host status monitoring
rpc.statd is a daemon which co-operates
with rpc.statd daemons on other hosts to provide a status monitoring
service. The daemon accepts requests from programs running on the local host
(typically, rpc.lockd(8), the NFS file locking daemon) to monitor the status of
specified hosts. If a monitored host crashes and restarts, the remote daemon
will notify the local daemon, which in turn will notify the local program(s)
which requested the monitoring service. Conversely if this host crashes and
rpc.statd restarts, it will notify all
of the hosts which were being monitored at the time of the crash.
The options available are:
- Causes debugging information to be written to
syslog(3), recording all RPC transactions to the daemon. These
messages are logged with level
LOG_DAEMON. Error conditions are logged irrespective of this option, using level
rpc.statd daemon must NOT be invoked
because the protocol assumes that the daemon will run from system start
time. Instead, it should be configured in
rc.conf(8) to run at system startup.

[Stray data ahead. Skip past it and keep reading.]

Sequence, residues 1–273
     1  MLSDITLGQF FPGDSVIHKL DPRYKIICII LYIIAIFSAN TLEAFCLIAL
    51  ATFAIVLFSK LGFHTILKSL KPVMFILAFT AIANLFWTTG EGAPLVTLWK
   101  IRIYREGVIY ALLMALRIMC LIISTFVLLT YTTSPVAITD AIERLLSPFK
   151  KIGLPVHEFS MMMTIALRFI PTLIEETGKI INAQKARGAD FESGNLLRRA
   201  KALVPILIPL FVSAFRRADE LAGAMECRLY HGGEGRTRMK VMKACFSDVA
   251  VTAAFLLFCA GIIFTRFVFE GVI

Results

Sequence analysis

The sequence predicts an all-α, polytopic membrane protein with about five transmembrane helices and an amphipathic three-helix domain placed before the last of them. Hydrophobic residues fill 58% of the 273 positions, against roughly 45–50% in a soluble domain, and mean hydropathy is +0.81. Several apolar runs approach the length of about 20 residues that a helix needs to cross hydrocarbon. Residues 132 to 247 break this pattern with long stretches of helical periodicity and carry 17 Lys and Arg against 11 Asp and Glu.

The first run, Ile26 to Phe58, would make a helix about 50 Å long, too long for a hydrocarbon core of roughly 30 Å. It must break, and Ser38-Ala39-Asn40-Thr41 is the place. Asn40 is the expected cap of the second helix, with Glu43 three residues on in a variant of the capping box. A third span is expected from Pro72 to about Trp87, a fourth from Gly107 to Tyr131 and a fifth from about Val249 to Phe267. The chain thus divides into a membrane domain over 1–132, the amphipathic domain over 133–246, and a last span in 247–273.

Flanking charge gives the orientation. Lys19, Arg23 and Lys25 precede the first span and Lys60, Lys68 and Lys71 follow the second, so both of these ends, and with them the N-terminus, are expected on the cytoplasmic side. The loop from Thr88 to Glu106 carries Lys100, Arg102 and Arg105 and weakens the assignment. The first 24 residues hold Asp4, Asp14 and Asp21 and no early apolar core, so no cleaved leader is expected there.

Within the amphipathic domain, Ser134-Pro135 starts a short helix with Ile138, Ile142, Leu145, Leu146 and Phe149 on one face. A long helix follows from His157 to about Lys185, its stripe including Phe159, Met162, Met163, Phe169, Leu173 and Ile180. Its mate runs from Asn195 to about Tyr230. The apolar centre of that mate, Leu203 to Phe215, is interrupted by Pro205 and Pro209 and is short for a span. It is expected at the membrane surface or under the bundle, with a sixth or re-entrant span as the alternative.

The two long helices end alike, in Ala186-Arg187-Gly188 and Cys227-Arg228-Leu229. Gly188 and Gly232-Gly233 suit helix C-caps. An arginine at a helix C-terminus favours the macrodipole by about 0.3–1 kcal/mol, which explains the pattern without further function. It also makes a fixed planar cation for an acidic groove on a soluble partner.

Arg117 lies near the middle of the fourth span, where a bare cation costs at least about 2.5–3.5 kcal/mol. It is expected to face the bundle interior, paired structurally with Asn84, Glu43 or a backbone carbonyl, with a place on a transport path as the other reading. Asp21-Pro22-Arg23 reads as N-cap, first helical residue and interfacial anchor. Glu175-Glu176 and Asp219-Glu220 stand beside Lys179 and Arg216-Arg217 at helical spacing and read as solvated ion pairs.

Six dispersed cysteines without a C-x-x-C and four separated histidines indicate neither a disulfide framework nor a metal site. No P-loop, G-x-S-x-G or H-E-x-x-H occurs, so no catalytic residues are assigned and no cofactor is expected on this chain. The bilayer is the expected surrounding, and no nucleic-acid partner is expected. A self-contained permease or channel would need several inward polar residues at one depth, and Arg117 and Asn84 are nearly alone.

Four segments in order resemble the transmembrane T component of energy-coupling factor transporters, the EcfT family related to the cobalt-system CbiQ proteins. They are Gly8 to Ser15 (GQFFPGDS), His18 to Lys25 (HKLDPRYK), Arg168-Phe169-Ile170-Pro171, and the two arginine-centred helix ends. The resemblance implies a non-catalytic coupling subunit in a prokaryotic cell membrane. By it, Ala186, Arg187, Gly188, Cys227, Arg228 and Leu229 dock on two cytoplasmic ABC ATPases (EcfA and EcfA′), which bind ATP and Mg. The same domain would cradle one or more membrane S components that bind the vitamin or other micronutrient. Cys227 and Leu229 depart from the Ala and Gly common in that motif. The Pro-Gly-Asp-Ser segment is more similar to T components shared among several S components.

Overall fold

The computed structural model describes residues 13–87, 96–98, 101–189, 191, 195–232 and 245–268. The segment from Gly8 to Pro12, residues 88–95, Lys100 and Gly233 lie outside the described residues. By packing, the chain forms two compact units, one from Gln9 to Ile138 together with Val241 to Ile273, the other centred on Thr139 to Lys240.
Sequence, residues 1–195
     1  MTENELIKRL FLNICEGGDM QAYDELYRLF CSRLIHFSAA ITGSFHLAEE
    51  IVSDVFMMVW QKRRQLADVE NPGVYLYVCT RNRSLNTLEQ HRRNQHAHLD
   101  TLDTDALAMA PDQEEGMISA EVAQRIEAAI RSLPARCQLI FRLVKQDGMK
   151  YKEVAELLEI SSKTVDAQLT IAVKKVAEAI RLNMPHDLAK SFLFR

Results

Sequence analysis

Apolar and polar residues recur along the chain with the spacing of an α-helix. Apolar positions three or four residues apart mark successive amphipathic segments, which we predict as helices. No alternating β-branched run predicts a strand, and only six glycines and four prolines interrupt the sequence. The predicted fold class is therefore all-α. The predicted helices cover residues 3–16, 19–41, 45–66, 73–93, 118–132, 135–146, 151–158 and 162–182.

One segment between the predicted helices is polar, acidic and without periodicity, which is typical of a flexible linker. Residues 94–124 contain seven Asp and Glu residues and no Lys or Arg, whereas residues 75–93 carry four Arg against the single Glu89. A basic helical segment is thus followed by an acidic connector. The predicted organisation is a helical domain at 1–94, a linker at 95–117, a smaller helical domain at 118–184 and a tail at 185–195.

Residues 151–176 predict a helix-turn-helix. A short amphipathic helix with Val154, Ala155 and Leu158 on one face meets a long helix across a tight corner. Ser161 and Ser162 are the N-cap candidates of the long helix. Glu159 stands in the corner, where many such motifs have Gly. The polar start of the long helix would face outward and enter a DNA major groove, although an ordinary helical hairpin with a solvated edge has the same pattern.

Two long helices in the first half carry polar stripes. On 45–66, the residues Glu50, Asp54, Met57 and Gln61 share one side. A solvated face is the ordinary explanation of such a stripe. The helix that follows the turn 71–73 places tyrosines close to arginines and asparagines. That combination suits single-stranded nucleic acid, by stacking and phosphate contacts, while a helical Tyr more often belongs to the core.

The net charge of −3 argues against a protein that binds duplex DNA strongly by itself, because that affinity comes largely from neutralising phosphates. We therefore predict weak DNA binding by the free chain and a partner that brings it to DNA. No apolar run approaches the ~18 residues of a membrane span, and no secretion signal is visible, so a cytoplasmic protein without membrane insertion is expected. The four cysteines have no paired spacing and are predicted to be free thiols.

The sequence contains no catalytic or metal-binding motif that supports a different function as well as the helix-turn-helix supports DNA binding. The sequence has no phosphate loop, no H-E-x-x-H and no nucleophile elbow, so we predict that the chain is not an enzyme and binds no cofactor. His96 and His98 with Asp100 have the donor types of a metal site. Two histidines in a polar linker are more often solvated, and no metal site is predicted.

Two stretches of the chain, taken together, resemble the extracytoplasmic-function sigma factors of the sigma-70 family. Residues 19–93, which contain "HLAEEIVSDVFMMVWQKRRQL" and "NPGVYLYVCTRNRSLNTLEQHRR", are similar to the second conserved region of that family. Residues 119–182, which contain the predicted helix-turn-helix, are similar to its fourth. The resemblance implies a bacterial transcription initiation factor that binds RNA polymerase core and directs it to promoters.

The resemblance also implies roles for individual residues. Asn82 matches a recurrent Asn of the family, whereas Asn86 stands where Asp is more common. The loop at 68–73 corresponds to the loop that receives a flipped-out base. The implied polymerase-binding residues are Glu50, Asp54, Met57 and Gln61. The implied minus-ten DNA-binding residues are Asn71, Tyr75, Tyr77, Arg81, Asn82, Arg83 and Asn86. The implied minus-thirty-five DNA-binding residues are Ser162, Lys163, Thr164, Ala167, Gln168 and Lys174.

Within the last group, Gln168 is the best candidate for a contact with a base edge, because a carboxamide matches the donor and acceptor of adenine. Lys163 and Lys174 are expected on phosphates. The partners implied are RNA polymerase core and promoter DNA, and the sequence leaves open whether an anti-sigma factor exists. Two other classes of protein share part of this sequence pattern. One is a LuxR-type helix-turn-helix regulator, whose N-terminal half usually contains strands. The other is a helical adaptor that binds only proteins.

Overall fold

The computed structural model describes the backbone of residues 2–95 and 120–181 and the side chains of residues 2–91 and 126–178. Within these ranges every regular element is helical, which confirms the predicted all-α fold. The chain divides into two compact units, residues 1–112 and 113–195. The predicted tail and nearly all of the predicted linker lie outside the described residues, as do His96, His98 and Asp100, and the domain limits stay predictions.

- RPC protocol specification used by local applications to register monitoring requests.
- Non-volatile record of currently monitored hosts.
syslog(3), rc.conf(8), rpc.lockd(8)
This implementation is based on the specification in the X/Open CAE Specification C218, "Protocols for X/Open PC Interworking: XNFS, Issue 4", ISBN 1 872630 66 9.
A version of
rpc.statd appeared in SunOS
4. The current implementation was ported from NetBSD
to OpenBSD 4.4.
There is no means for the daemon to tell when a monitored host has disappeared permanently (e.g. catastrophic hardware failure), as opposed to transient failure of the host or an intermediate router. At present, it will retry notification attempts at frequent intervals for 10 minutes, then hourly, and finally gives up after 24 hours.
The protocol requires that symmetric monitor requests are made to both the local and remote daemon in order to establish a monitored relationship. This is convenient for the NFS locking protocol, but probably reduces the usefulness of the monitoring system for other applications.
The current implementation uses more than 1Kbyte per monitored host in the status file (and also in VM). This may be inefficient for NFS servers with large numbers of clients.